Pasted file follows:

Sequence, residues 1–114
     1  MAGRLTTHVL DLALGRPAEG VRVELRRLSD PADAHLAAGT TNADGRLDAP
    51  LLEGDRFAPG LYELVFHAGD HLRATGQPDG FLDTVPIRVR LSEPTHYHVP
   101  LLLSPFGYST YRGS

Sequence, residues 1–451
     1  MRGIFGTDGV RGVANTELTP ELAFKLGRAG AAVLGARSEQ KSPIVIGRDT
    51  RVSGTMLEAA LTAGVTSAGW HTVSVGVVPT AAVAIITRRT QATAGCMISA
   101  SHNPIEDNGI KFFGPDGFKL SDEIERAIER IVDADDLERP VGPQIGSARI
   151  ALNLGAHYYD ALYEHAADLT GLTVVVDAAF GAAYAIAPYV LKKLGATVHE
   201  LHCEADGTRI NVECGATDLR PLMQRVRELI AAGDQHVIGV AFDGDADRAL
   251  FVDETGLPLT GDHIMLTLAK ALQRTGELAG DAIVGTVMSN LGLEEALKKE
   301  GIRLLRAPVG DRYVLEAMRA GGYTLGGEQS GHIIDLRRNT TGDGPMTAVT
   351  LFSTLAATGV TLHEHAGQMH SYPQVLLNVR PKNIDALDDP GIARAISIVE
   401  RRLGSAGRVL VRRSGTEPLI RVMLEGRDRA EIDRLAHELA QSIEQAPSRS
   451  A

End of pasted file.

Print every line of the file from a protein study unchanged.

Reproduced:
Sequence, residues 1–114
     1  MAGRLTTHVL DLALGRPAEG VRVELRRLSD PADAHLAAGT TNADGRLDAP
    51  LLEGDRFAPG LYELVFHAGD HLRATGQPDG FLDTVPIRVR LSEPTHYHVP
   101  LLLSPFGYST YRGS

Sequence, residues 1–451
     1  MRGIFGTDGV RGVANTELTP ELAFKLGRAG AAVLGARSEQ KSPIVIGRDT
    51  RVSGTMLEAA LTAGVTSAGW HTVSVGVVPT AAVAIITRRT QATAGCMISA
   101  SHNPIEDNGI KFFGPDGFKL SDEIERAIER IVDADDLERP VGPQIGSARI
   151  ALNLGAHYYD ALYEHAADLT GLTVVVDAAF GAAYAIAPYV LKKLGATVHE
   201  LHCEADGTRI NVECGATDLR PLMQRVRELI AAGDQHVIGV AFDGDADRAL
   251  FVDETGLPLT GDHIMLTLAK ALQRTGELAG DAIVGTVMSN LGLEEALKKE
   301  GIRLLRAPVG DRYVLEAMRA GGYTLGGEQS GHIIDLRRNT TGDGPMTAVT
   351  LFSTLAATGV TLHEHAGQMH SYPQVLLNVR PKNIDALDDP GIARAISIVE
   401  RRLGSAGRVL VRRSGTEPLI RVMLEGRDRA EIDRLAHELA QSIEQAPSRS
   451  A